Thursday, November 29, 2012

Would You Live in Paradise?

Rabbi Rifat Sonsino
For thousands of years, people have dreamed of living in the hereafter in a place called Paradise, enjoying a comfortable, easy life. To me that would be the most boring place in the universe. Let me explain.

The idea of “paradise” (an old Persian word that is also found in Hebrew, pardes, meaning “orchard” or “garden”) goes back to the ancient Near Eastern as well as other Mediterranean societies. The Sumerians referred to it as “Dilmun,” the Greeks spoke of “Elysian Fields”; the Hebrew Bible has gan e’den (Garden in/of Eden) and the Arabs mention “Djennet.” According to some ancient Rabbis, in paradise (also referred to as ‘the world to come’) “There is neither eating nor drinking; no procreation of children or business transactions, no envy or hatred or rivalry; but the righteous sit enthroned, their crowns on their heads, and enjoy the luster of God’s presence” (BT Ber. 17a). The Quran describes Djennet as a place where people enjoy all kinds of delicious food and wines, but also the company of wide eyed-beautifully shaped wives (Sura 54).

In medieval times, Dante (14th cent.) and, his Jewish counterpart, Immanuel ben Solomon of Rome, came out with different images, all of them based on speculation and wild imagination.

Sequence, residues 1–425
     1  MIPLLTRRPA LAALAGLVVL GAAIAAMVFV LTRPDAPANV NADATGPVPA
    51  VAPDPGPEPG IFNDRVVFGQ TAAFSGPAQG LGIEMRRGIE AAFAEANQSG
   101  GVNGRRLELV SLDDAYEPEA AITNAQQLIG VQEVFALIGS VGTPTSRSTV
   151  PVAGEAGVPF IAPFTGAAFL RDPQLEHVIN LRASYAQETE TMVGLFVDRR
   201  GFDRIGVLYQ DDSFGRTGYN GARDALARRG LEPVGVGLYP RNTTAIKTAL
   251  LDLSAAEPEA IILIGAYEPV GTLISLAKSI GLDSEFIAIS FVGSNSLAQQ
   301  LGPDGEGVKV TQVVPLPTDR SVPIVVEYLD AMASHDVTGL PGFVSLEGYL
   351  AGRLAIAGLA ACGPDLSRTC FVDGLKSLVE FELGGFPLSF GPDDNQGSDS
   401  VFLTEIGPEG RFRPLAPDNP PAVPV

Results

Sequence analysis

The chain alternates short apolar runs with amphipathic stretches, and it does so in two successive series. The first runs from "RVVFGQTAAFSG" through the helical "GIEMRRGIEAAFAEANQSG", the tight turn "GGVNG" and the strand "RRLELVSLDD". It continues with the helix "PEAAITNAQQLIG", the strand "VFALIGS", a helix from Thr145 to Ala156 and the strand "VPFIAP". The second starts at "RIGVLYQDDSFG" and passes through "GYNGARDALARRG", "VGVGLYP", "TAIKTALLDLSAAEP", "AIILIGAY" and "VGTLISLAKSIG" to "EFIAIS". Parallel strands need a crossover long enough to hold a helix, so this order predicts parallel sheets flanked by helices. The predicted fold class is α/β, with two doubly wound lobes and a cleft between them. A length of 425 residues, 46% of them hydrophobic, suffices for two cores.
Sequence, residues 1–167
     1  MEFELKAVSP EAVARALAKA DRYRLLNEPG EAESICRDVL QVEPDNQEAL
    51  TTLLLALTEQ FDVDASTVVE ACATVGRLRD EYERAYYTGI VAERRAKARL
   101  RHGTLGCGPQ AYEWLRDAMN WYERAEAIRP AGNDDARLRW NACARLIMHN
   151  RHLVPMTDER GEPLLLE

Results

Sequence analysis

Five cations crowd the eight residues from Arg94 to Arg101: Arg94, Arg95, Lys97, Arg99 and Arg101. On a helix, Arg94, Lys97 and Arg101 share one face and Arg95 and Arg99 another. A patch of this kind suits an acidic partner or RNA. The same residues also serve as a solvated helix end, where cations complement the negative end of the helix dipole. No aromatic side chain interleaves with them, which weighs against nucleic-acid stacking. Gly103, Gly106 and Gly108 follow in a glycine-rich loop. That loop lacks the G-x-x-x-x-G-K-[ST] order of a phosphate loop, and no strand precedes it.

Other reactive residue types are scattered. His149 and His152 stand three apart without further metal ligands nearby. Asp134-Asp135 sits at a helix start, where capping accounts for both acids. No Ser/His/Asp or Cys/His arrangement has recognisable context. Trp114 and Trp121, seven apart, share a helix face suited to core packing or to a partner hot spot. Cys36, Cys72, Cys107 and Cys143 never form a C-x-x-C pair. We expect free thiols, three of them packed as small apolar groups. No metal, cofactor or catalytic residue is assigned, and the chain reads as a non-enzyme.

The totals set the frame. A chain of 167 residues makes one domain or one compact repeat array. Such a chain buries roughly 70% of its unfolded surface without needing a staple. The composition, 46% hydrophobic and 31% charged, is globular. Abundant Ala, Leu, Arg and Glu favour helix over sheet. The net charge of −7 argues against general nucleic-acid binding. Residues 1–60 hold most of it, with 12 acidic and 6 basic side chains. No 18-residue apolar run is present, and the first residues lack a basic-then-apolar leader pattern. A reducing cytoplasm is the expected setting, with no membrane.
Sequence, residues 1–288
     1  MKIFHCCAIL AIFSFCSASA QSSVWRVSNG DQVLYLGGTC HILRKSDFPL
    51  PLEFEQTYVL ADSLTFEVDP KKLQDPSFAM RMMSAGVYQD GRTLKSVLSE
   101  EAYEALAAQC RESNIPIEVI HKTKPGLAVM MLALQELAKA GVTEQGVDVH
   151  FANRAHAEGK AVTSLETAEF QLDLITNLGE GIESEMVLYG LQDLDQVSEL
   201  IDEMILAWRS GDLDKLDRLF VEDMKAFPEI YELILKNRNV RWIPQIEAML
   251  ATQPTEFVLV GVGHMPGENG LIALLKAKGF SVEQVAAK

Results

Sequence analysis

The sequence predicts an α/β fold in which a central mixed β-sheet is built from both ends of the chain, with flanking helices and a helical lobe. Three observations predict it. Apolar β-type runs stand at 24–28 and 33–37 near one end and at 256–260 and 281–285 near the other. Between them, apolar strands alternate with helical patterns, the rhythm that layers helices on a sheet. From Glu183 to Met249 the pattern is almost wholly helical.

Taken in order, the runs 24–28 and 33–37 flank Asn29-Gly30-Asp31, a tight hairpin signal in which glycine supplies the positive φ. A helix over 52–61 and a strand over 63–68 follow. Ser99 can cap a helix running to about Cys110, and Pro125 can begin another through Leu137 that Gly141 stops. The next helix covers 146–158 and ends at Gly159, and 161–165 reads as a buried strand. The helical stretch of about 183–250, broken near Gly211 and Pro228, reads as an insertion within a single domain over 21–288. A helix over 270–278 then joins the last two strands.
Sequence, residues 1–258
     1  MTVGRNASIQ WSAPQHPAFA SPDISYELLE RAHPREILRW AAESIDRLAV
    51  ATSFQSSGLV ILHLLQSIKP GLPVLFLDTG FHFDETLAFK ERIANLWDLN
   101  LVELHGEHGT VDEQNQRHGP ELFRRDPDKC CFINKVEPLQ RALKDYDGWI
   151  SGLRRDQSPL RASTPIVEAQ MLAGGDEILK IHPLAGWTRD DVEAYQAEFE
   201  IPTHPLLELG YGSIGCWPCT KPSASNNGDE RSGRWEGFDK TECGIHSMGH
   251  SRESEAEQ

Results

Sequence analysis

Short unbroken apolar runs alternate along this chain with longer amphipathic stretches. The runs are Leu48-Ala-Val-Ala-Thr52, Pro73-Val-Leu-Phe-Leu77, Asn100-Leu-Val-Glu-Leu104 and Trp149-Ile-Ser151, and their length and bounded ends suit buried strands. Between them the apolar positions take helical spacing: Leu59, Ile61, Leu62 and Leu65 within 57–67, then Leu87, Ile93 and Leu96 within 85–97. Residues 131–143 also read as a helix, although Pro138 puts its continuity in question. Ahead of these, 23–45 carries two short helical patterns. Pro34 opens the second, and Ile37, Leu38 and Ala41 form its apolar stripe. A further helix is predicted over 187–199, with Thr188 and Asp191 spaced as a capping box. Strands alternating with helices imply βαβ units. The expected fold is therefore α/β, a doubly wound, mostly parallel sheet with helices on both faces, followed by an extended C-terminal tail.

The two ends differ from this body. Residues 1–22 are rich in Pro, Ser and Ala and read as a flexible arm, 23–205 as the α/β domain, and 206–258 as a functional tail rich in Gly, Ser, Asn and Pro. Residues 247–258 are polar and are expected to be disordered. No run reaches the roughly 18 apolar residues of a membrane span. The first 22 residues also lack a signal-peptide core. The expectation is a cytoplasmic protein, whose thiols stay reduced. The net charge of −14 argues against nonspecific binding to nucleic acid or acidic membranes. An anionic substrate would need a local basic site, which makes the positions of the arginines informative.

To me paradise, however conceived, sounds like a dull place, with nothing to look forward, where work has no meaning and, no matter what you do, your future is assured. Is this the kind of life we want?

I prefer to live in a world, here on earth, which, though not perfect, is open to possibilities for personal growth, where work gives meaning and purpose to one’s life, where love creates deeper bonds, where the realization of our human limitations and our eventual death provides an incentive to do something good for others. I go with the Psalmist who declared, “The righteous shall inherit the land, and live here in it forever” (Ps. 37: 29). I personally would skip the “forever” part. After I am gone, the energy I represent will, I assume, become part of the energy of the universe, and my name will endure as long as some people remember it.

The Bible mentions that Adam and Eve lived in gan e’den but were kicked out, because, having eaten from the tree of knowledge, they could now attempt to eat from the tree of life and become immortal like God (Gen. 3: 23). Most Christians refer to this story as the “Fall.” Though there were some Jews who did share this belief (see, II Esdras in the Apocrypha), mainline Judaism has viewed this parable, not as a Fall, but as the emergence of conscience, which, for me, is a good thing. I think the biblical story of Paradise is telling us that humans must accept their limitation and mortality, and that with knowledge comes the responsibility of making moral choices.

So, keep dreaming about paradise, if you wish. As for me, I am happy to live in a real world, here on earth, with all of its imperfections, where I can grow, feel, love, learn, and mature. I admit, however, that a good health and a few bucks would make things much easier.

Rifat Sonsino
Nov. 2012

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